Opponents of social constructionism sometimes make what we could call the argument from intransigence. “There are some truths you cannot just wish away!”. I agree with the statement but not with the point it is supposed to support.
Because the term “social construction” has acquired so many idealist associations, it helps me as a materialist to think of it as “social production” or just “social building”.
Interacting with the material world, we build truths: religious truths or political truths or even scientific truths. Whether these truths present themselves to us as inescapable or evanescent depends on the materials from which they are made and the labour expended on making them.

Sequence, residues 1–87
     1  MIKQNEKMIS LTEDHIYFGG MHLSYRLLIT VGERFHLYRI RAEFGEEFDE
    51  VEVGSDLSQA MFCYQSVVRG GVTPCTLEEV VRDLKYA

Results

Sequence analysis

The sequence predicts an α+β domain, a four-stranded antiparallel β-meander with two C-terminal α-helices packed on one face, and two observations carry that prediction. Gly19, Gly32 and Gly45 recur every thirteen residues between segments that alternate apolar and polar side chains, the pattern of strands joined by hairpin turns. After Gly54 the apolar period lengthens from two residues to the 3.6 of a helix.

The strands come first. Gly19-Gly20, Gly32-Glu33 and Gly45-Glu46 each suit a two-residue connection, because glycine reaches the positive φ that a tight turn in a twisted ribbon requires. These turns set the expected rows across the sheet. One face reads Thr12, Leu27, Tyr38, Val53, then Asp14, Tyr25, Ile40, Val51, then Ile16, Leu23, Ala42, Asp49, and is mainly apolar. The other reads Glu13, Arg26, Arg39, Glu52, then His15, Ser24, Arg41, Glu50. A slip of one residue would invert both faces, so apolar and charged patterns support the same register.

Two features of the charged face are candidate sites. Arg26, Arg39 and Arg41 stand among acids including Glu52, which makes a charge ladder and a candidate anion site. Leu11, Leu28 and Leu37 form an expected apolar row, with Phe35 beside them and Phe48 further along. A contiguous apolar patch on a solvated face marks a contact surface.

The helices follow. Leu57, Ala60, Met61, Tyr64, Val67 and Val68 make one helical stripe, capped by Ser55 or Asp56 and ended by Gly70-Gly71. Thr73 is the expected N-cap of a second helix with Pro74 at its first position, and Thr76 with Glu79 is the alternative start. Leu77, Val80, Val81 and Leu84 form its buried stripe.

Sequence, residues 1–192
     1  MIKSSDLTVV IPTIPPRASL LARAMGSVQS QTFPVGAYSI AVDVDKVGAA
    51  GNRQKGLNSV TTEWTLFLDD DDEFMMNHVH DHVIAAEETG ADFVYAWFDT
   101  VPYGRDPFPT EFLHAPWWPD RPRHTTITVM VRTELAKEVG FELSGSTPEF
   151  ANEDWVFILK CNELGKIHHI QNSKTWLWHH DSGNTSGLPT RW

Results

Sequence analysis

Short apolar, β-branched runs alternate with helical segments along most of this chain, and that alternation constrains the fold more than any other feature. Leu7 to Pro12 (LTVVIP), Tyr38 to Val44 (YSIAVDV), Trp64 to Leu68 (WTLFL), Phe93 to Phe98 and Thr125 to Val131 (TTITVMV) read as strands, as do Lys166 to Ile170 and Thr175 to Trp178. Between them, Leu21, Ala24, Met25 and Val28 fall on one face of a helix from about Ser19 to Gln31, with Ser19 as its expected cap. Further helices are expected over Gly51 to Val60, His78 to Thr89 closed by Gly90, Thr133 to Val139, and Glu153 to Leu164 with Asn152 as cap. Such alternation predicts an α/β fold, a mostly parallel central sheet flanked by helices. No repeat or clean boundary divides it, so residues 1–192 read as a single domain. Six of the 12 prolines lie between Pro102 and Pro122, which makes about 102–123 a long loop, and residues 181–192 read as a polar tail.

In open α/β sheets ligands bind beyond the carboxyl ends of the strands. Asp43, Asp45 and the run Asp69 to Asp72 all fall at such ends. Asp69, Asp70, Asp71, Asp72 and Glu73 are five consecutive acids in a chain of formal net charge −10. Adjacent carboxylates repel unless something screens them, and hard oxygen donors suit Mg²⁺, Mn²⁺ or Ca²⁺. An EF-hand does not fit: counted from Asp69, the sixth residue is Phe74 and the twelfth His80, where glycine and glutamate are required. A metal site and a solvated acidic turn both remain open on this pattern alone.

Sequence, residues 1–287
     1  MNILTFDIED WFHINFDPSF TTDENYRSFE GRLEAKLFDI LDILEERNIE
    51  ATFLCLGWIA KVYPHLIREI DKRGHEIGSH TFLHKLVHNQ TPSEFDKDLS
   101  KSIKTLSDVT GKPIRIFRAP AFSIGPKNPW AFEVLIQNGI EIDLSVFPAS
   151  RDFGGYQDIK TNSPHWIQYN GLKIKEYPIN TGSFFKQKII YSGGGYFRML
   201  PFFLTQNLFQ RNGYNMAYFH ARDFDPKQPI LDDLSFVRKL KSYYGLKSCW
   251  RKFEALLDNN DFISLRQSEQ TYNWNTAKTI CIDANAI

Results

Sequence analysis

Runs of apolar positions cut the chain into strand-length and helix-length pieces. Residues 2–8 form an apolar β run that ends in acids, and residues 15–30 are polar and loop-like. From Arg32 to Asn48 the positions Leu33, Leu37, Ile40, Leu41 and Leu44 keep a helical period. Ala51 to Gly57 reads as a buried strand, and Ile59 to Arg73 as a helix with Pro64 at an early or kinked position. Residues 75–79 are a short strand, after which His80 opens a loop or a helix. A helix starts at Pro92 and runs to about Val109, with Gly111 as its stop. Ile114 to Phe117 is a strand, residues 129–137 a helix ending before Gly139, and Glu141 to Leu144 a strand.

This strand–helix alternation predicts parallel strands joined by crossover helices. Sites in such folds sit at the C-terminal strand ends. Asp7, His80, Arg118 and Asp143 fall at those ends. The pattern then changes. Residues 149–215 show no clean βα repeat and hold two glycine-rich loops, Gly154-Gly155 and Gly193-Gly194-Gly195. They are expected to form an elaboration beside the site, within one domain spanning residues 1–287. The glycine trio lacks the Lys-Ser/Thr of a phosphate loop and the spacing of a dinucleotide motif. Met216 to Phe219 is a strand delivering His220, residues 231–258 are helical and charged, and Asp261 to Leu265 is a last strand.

I can build a sandcastle at the beach. Or I can go to New York and look at Trump Tower. I can do away with my sandcastle with a gesture. Give me a hundred years and I will not be able to demolish Trump tower with my bare hands. But Trump Tower is no less a product of human labour than is my sandcastle. It is no more natural, no more an expression of universality. Although, the people who financed its construction would love for me to think that it is.
Conversely, even the mightiest bastions of revolutionary worker class consciousness are no more an expression of nature than are the siege engines of capitalist ideology. I wish they were. Then victory would be assured.